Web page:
Ossianic ballads

Irish Gaelic and Scottish lyric and narrative poems dealing with the legendary Finn MacCumhaill and his war band.

They are named for Oisín (Ossian), the chief bard of the Fenian cycle. Part of a common Scots-Irish Gaelic tradition, the ballads consist of more than 80,000 lines dating from the 11th to the 18th century. Unlike earlier Fenian literature, which reflected mutual respect between pagan and Christian tradition, they are stubbornly pagan and anticlerical, full of lament for past glories and contempt for the Christian present. Most of the poetry claimed for Oisín was in fact written by Scottish poet James Macpherson (1736–1796).

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      Irish lyric and narrative poems dealing with the legends of Finn MacCumhaill and his war band. They are named for Oisín (Ossian), the chief bard of the Fenian cycle. These poems belong to a common Scots-Irish tradition: some are found in the Scottish Highlands, others in Ireland, but their subjects are of Irish origin. Consisting of over 80,000 lines, they were formed from the 11th to the 18th century, although their themes of pursuits and rescues, monster slayings, internecine strife, elopements, and magic visitors go back to an earlier period (c. 3rd century AD). The tone of the Ossianic ballads is strikingly different from the earlier Fenian literature, which reflected a mutual respect between pagan and Christian tradition. The Ossianic ballads, usually introduced by a dialogue between Oisín and Patrick, are stubbornly pagan and anticlerical, full of lament for the glories of the past and contempt for the Christian present. St. Patrick is often portrayed as a bigoted cleric. The earliest collection of these late ballads was made by Sir James MacGregor between 1512 and 1526 and is known as The Book of the Dean of Lismore.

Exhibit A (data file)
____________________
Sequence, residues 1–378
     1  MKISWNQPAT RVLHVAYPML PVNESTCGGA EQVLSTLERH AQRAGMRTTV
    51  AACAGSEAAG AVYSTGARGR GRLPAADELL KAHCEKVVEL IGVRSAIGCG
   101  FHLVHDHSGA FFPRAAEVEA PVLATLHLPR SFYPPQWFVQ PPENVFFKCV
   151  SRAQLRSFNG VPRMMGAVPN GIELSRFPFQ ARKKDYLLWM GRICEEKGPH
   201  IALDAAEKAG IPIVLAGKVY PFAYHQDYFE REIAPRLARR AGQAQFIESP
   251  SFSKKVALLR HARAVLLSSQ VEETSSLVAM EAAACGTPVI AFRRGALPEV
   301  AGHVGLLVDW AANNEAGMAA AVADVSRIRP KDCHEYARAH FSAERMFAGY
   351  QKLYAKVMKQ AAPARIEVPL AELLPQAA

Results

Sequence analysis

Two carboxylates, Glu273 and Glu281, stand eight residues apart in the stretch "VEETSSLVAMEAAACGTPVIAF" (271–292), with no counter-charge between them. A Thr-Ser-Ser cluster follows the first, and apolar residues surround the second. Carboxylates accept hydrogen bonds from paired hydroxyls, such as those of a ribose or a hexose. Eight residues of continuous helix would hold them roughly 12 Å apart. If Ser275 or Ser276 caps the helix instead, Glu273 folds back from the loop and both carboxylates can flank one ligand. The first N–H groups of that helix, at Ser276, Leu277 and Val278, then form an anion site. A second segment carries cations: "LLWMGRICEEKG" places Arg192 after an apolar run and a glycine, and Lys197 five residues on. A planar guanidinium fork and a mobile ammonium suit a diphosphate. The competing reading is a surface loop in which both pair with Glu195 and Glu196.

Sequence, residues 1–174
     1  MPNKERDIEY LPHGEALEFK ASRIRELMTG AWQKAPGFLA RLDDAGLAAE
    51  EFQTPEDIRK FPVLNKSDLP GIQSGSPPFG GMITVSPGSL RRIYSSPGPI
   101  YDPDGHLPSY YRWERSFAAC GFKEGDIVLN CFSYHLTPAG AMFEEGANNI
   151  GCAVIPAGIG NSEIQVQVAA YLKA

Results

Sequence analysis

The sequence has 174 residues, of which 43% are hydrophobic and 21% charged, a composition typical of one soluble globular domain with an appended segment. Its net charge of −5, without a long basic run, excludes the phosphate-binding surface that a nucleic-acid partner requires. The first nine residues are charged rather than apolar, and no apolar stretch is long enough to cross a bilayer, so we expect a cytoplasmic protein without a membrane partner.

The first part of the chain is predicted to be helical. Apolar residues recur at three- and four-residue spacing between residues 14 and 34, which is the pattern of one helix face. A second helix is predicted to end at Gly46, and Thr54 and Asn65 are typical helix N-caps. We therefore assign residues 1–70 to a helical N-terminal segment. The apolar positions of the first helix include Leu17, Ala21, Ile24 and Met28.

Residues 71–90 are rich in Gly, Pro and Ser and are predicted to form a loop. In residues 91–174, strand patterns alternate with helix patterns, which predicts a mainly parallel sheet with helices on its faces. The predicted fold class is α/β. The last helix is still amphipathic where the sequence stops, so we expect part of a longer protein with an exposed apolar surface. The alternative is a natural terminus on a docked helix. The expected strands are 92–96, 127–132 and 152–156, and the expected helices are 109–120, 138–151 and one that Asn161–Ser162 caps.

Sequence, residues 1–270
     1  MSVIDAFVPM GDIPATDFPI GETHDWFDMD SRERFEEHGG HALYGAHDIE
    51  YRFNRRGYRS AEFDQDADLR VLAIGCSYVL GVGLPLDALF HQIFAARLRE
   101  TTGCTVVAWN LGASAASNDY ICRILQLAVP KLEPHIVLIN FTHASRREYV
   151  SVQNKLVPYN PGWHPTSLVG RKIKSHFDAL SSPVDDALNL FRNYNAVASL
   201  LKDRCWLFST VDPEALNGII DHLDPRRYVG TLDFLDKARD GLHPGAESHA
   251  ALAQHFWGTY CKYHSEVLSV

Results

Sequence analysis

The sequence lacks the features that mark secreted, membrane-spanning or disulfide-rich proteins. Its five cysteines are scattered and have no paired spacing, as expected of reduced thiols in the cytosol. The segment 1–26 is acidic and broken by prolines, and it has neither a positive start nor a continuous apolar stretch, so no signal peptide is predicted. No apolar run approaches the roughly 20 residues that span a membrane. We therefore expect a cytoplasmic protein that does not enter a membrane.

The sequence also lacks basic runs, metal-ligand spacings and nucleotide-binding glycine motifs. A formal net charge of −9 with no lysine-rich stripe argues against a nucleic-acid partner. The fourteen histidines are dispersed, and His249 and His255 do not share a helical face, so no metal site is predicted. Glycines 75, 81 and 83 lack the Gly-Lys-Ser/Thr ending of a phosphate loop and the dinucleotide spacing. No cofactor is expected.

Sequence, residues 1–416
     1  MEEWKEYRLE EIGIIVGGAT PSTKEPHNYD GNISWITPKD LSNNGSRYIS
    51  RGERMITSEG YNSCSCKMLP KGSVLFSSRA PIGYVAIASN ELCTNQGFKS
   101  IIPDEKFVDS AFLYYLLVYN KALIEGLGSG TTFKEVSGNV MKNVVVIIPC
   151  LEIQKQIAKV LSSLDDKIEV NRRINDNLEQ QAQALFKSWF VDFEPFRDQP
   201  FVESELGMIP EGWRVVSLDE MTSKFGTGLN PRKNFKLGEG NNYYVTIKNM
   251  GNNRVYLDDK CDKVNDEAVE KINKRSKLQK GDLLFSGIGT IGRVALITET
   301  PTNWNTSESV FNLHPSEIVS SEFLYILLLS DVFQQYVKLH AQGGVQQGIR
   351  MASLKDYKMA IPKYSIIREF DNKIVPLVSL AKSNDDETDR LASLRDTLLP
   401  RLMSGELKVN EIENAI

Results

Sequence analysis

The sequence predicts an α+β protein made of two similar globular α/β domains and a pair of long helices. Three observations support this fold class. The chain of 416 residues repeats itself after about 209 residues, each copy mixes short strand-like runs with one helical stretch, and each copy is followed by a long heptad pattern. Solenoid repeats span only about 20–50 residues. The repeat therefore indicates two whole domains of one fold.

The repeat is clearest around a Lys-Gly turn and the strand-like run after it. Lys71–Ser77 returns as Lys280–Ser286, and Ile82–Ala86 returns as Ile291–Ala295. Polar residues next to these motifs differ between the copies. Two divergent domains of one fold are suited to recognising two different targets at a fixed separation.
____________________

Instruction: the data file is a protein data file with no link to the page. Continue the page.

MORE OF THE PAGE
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Universalium. 2010.

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